While I found the business negotiations interesting, I was not convinced about the romantic conflict between Khaled and Olivia.  They are instantly attracted to each other, but because Khaled is next in line to inherit the throne, he tries to put the brakes on their budding relationship.  It just can’t work out for them, because he has a duty to his people.  Their relationship can’t go anywhere, because he is expected to marry a quiet, respectable Muslim girl from Saqat, and Olivia just doesn’t fit into the mold he has imagined his future wife must fit  into.  I didn’t buy into this conflict because the only person who had a problem with them being a couple was Khaled.  Once Olivia arrived in his country, almost everyone was open and friendly with her.  Everyone seemed to accept her.  There was no opposition to her being in the palace, other than the opposition that Khaled brought into their relationship, so I didn’t feel that there was a sense of tension or suspense about their romance.  I was a little dismayed that it took Khaled so long to question his own concerns, because he is certainly smarter than that, and as a scientist, it should have been in his nature to re-evaluate his conclusions.

Despite that complaint,  I found The Oil Tycoon and Her Sexy Sheikh a quick, satisfying read.  I gobbled this one up, was annoyed by Olivia’s distant, clueless father, and cheered her on as she sought to find a purpose in life beyond the one she had envisioned for herself.  Olivia, like Khaled, put pressure on herself to be something that she thought other people expected of her.  She wanted to succeed in her father’s business so much because she sought his approval, something that she never felt he had given to her.  Until she meet Khaled and traveled to Saqat, she never questioned her life goals.  Once she met him, though, she was forced to admit that maybe the career path she was pursuing wasn’t really the one she wanted.  The final resolution ties up all of the loose ends, and finds happiness and a new purpose for both protagonists and the citizens of Saqat.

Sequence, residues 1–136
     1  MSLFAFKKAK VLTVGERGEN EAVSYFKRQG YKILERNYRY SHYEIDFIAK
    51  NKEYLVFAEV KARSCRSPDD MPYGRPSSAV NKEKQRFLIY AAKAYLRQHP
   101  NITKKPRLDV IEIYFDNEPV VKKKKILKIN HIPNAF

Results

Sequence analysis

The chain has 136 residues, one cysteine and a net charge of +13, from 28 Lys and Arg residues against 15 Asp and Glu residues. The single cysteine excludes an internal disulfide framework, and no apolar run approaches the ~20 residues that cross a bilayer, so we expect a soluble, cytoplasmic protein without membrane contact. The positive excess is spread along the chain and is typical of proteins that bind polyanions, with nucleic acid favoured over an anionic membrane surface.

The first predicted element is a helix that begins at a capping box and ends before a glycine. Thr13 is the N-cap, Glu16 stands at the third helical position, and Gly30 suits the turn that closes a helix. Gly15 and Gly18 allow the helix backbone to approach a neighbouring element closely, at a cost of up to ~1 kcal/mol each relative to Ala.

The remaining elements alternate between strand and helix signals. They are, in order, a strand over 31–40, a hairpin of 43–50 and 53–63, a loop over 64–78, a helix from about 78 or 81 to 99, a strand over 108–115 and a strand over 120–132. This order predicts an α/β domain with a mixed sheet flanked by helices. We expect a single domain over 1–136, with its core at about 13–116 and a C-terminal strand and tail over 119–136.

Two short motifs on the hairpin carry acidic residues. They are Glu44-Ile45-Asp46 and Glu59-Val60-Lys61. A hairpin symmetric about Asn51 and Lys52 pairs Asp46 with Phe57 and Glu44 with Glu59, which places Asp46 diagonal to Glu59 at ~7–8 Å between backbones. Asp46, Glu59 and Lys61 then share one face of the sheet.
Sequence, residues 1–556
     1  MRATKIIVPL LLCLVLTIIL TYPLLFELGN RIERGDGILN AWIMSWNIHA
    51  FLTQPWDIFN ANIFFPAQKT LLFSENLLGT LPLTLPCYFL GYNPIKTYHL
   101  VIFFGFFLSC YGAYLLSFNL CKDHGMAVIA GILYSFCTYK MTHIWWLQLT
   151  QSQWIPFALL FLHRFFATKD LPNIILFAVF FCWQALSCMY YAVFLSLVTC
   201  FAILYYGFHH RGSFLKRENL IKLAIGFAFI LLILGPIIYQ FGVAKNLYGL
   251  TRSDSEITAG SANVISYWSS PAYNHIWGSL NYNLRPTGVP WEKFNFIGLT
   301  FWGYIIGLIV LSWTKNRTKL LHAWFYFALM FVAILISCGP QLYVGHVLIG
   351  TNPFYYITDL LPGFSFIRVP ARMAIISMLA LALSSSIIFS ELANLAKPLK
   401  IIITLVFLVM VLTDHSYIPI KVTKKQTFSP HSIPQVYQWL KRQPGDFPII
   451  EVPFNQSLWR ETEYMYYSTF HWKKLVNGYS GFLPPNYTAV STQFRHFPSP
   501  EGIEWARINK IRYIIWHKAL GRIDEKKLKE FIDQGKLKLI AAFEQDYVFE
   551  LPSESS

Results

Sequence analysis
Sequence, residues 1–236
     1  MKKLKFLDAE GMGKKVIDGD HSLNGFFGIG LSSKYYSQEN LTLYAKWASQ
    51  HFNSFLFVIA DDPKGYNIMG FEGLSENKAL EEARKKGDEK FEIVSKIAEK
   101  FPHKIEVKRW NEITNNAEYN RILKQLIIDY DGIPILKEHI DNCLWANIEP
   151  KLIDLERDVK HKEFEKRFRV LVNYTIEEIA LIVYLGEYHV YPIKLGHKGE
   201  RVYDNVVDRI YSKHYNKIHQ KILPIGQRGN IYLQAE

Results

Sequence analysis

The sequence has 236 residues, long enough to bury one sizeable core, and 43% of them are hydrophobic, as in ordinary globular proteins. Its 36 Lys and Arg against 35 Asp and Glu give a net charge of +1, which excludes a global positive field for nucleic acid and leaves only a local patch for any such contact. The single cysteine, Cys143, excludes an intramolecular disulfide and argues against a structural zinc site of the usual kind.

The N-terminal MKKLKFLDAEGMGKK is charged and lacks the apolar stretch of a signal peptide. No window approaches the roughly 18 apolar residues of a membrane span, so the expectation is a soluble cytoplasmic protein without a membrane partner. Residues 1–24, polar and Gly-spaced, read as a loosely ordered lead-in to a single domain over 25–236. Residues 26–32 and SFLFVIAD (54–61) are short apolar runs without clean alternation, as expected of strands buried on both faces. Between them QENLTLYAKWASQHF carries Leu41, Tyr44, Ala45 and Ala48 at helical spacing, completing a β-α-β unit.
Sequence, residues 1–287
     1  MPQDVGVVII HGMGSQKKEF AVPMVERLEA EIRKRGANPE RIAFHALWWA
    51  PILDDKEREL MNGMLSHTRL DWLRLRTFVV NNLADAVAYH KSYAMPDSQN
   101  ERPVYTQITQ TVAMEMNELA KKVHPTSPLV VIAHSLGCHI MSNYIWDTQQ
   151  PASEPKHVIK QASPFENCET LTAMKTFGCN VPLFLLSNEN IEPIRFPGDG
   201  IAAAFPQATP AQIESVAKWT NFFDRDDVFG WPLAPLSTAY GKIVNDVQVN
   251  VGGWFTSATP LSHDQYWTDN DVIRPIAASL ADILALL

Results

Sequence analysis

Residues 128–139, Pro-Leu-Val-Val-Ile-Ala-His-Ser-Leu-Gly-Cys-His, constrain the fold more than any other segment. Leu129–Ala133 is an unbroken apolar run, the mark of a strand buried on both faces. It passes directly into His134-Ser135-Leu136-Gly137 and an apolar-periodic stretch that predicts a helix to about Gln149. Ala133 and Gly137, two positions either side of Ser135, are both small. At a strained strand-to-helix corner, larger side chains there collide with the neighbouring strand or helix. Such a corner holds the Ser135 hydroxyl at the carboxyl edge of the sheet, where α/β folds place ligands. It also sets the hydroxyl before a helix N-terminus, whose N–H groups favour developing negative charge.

Grade: B-/C+

Review copy provided by publisher

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Waiting on Wednesday–Inhuman by Kat Falls

Waiting On Wednesday is a weekly event, hosted by Jill at Breaking the Spine, that spotlights upcoming releases that we’re eagerly anticipating.

I love Kat Falls, so Inhuman is high, high, high on my gotta have it list.  In stores 2013.

 

In a world ravaged by mutation, a teenage girl must travel into the forbidden Savage Zone to recover lost artifacts or her father’s life is forfeit.

America has been ravaged by a war that has left the eastern half of the country riddled with mutation. Many of the people there exhibit varying degrees of animal traits. Even the plantlife has gone feral.
Crossing from west to east is supposed to be forbidden, but sometimes it’s necessary. Some enter the Savage Zone to provide humanitarian relief. Sixteen-year-old Lane’s father goes there to retrieve lost artifacts—he is a Fetch. It’s a dangerous life, but rewarding—until he’s caught.

Desperate to save her father, Lane agrees to complete his latest job. That means leaving behind her life of comfort and risking life and limb—and her very DNA—in the Savage Zone. But she’s not alone. In order to complete her objective, Lane strikes a deal with handsome, roguish Rafe. In exchange for his help as a guide, Lane is supposed to sneak him back west. But though Rafe doesn’t exhibit any signs of “manimal” mutation, he’s hardly civilized . . . and he may not be trustworthy.

What are you waiting on?